Michael Jackson's fourth and final new studio album for Motown came nearly two years after its predecessor, Music and Me. It was a more mature effort for the 16-year-old singer but lacked the contemporary dance style that had given Jackson and his brothers a career rebirth with "Dancing Machine" the year before. The album did spawn two minor chart singles, "We're Almost There" and "Just a Little Bit of You" (both produced by Brian Holland of the Holland-Dozier-Holland production team), and a third track, "One Day in Your Life," would chart as a reissue six years later. But though Jackson sang appealingly, the arrangements were noticeably similar to many older Motown charts, and there was little here to hint that, four years hence, on his next solo album, Off the Wall, Jackson would emerge as a major star.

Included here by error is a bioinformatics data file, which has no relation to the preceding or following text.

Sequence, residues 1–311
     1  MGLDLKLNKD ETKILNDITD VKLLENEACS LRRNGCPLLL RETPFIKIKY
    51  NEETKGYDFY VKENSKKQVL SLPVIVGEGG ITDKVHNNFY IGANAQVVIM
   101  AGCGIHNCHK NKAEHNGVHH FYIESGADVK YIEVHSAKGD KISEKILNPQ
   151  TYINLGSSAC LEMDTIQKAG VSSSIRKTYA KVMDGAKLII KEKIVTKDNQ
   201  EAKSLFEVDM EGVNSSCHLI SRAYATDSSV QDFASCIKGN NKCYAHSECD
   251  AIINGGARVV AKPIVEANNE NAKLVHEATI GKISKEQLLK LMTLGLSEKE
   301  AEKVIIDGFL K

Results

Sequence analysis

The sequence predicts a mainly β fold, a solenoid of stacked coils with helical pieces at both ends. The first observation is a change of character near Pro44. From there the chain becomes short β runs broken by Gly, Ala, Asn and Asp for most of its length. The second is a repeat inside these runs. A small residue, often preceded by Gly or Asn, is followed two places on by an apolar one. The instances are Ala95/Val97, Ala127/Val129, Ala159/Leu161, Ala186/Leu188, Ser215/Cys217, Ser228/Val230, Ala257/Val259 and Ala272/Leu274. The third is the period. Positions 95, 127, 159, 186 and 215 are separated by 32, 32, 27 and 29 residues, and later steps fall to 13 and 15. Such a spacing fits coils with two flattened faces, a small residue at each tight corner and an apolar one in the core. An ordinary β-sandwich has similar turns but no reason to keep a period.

Forever, Michael Review
by William Ruhlmann